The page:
Vaccine hope for prostate cancer sufferers
A new approach to developing cancer vaccines has been used to treat prostate tumours, an international team of scientists has said.
DNA from healthy cells was used to create a vaccine which cured 80% of mice, Nature Medicine reports.
The researchers believe the principle could be applied to other cancers and have begun studies on melanoma.
Cancer Research UK said it was a significant development, but human trials would be needed.
Cancer vaccines are not new. Unlike traditional vaccines which protect against infection, these work by making the immune system attack tumours already in the body.
Specifically they target markers on the surface of cancerous cells, known as antigens.
Professor Alan Melcher, of the University of Leeds, said: "The biggest challenge in immunology is developing antigens that can target the tumour without causing harm elsewhere."Mobilising defences
Researchers in Leeds and at the Mayo Clinic, in the US, broke up chunks of DNA from healthy prostate cells and inserted them into a virus.
End Quote Professor Peter Johnson Cancer Research UK
This is an interesting and significant study which could really broaden out the field of immunotherapy research”
The mice were then repeatedly infected with the virus.
The prostate DNA made the virus produce a wide range of prostate antigens, so when the immune system battled the virus it learned to attack the cancerous prostate cells.
Crucially, healthy prostate cells and other parts of the body were not affected.
In the lab, a course of nine injections with the virus cured 80% of mice with prostate tumours.
Professor Melcher said human trials were years rather than months away.
"We have reason to be quite excited. It's not out-of-the-blue research, but based on immunotherpay and virus treatments which are looking very promising and that is what is really exciting," he added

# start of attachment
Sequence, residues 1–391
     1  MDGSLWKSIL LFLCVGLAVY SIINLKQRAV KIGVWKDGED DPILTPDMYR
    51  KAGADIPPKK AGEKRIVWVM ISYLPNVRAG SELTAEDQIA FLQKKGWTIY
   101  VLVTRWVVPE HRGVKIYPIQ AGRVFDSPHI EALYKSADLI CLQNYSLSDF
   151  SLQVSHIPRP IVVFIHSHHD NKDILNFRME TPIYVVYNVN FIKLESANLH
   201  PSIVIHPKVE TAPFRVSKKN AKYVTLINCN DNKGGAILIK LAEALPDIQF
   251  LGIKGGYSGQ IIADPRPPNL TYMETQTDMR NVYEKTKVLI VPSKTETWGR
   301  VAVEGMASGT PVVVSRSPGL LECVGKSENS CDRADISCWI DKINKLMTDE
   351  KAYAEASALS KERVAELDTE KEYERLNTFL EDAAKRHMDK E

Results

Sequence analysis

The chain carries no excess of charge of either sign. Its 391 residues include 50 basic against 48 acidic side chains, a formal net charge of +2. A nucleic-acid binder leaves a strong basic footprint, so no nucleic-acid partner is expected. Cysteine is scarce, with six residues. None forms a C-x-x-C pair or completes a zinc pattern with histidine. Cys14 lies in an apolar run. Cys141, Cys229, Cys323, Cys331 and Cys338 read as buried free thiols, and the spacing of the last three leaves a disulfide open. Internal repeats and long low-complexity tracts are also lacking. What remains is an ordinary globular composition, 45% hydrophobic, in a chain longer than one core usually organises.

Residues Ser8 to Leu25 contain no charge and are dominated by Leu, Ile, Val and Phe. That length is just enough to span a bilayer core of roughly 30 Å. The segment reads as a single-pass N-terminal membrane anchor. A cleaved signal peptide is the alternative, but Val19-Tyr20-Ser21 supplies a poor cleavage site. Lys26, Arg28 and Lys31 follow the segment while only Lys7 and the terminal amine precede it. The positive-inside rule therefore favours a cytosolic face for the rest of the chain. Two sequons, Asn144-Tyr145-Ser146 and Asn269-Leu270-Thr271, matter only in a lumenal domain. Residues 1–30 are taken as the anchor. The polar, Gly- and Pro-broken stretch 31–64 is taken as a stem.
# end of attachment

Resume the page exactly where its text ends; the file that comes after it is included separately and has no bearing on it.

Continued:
Doctors recently claimed that the drug Ipilimumab, which stimulates the immune system to fight cancer, could increase life expectancy.
Researchers say using healthy DNA is a "proof of principle" which could have implications for vaccines for other cancers. They are trialing the same technique in mice with skin cancer.
Professor Peter Johnson, Cancer Research UK's chief clinician, said: "This is an interesting and significant study which could really broaden out the field of immunotherapy research.
"Although the vaccine didn't trigger the immune system to overreact and cause serious side effects in mice, it will need to be further developed and tested in humans before we can tell whether this technique could one day be used to treat cancer patients."
Dr Kate Holmes, research manager at the Prostate Cancer Charity, said the study provided "new hope".
"Although we are hopeful that the results of this study could help to form the basis of a new cancer vaccine in future, it is important to remember that the researchers have only investigated the potential of their vaccine in mice.
"Further research looking at its effect in men is needed. We look forward to the outcome."